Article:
As a work-from-home employee who has homeschooled her son since kindergarten, the current social distancing mandates haven’t changed much about my family’s days. But for many of you, having the kids at home during the day has upended the family’s daily schedule. Here are five tips to help establish a routine and keep the kids learning while they are home.
Create a Schedule
School and work provide routines that give structure to our days, and you can do the same thing at home. Of course, your family’s preferences (Are you night owls or early birds?) will dictate your schedule. However, I found that scheduling school work to be completed in the morning was better because there were fewer opportunities for the schedule to be sidetracked.
When my son was younger, we worked in half hour increments, starting with the subject that was hardest for him. I would alternate subjects he liked with ones he disliked and include short play breaks throughout the morning. School work, with the exception of reading, was completed before lunch on most days. Now that he is a teen, my son completes school work mostly after lunch, and that’s fine, too—as long as the work gets done.
Home will likely have many distractions for your kids, including toys and video games, so keeping their work on track can be challenging. It’s best if your children know what you expect of them each day in each subject. How many chapters should they read? How long should they work on math? Include these expectations as part of your schedule. It is easier to focus if they know exactly how much they need to get done. Making time to be outdoors, while still being mindful of social distancing, will help keep them focused as well. If they’ve been working hard on learning, take a break and go for a walk.
Match Lesson Plans to Interests
If your school didn’t send work home to be completed during this extended break, you can find a variety of resources online. One way to keep your kids engaged in learning is to base your lessons on your student’s interests. Is your teen into Hamilton? The Library of Congress offers access to Alexander Hamilton’s primary source material so your student can learn more about the man behind the musical. Maybe your elementary student is missing baseball. The National Baseball Hall of Fame offers free baseball-related lesson plans in all subjects. The possibilities are endless.
Throughout our years of homeschooling, most school work has taken place at the kitchen table; no elaborate set-up needed. As my son got older and started doing more work independently, it was nice to set up my laptop at the table and work while he completed his lessons. I was close enough to help when needed, but also still able to keep up with my own tasks. I recommend that learning take place in a common area of the home to help limit distractions.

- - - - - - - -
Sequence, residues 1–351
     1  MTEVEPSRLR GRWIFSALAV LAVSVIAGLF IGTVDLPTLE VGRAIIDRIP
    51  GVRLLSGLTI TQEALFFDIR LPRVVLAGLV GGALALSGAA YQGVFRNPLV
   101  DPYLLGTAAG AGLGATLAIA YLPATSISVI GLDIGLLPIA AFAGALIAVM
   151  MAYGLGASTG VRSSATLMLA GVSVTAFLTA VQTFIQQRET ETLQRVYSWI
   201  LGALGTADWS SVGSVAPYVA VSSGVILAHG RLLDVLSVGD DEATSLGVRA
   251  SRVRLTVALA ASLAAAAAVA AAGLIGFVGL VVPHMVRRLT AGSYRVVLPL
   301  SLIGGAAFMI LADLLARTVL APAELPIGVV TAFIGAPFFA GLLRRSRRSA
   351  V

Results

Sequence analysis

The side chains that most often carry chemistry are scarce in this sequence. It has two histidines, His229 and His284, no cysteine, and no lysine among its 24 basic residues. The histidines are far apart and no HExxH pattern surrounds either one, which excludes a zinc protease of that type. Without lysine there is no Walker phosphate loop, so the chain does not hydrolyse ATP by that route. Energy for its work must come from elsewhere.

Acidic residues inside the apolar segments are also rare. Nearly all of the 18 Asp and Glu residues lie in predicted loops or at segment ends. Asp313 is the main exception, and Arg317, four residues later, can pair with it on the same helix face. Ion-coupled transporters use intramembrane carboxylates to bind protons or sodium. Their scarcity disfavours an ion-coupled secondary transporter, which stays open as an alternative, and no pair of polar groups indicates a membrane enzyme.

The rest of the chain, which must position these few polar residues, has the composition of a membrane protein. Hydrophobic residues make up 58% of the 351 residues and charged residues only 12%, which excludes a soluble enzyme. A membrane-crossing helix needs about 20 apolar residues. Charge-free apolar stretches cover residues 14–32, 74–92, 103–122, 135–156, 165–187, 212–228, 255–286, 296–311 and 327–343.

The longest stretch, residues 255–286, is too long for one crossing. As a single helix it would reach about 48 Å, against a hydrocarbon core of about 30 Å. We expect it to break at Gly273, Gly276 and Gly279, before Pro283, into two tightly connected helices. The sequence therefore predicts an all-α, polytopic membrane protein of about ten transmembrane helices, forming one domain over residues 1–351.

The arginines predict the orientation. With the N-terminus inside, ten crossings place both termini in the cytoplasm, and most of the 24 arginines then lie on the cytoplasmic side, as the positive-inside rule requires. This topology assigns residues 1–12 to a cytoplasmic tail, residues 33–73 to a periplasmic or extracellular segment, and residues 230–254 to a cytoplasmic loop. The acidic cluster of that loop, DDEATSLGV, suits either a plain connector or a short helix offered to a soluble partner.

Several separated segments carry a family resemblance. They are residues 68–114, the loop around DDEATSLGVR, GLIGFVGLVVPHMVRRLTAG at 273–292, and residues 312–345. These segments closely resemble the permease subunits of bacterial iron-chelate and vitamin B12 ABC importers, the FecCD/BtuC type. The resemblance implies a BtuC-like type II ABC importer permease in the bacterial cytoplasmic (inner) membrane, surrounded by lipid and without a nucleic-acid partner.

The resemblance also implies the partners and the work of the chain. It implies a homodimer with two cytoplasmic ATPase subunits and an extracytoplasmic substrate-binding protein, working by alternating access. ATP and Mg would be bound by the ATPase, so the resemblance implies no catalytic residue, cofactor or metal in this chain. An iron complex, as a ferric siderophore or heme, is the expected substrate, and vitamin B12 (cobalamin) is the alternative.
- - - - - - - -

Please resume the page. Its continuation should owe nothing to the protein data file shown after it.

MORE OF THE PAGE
While not planned for most of us, this unexpected break gives parents a wonderful opportunity to learn with their children. One of our favorite things to do together is listen to audiobooks. You can check them out digitally from local libraries or access them through audiobook apps. If your family had to cancel travel plans, take a virtual tour instead. A number of museums throughout the world offer online tours or provide access to certain content through their websites. Just search “virtual museum tours” and you’ll find a list of all kinds of museums you can visit from home.
Remember that remote learning doesn’t have to be “doing school at home.” You can make it fun and cater to your children’s interests. While your kids are being educated at home, they get to take advantage of individualized learning. That means they will likely be able to complete their school work more quickly than they can at school. That leaves plenty of time for free play, board games, baking, and other fun family activities.
- The Kennedy Center’s Arts Edge website has wonderful art resources for all ages of students.
- The National Gallery of Art has lessons and activities for pre-kindergarten through college. The lessons relate the art-based curriculum to other subjects such as language arts and social studies.
- The Library of Congress has lesson plans, primary sources sets, presentations, and activities on subjects ranging from immigration to Alexander Hamilton to baseball.
- The Smithsonian’s History Explorer site has lessons and activities on every era of U.S. history.
- NASA provides lessons for fifth through 12th graders on a range of science and STEM topics.
- The National Women’s History Museum has lessons available on influential women and women’s rights topics.
- The New York Times offers lessons and activities available on current events.
- The website math-drills.com has more math worksheets than you can use in a year.
- IXL offers a limited number of online work in all school subjects for free each day. More content is available with a membership. Some school’s provide access to this site.
- Typing.com is is a great site for practicing typing and more.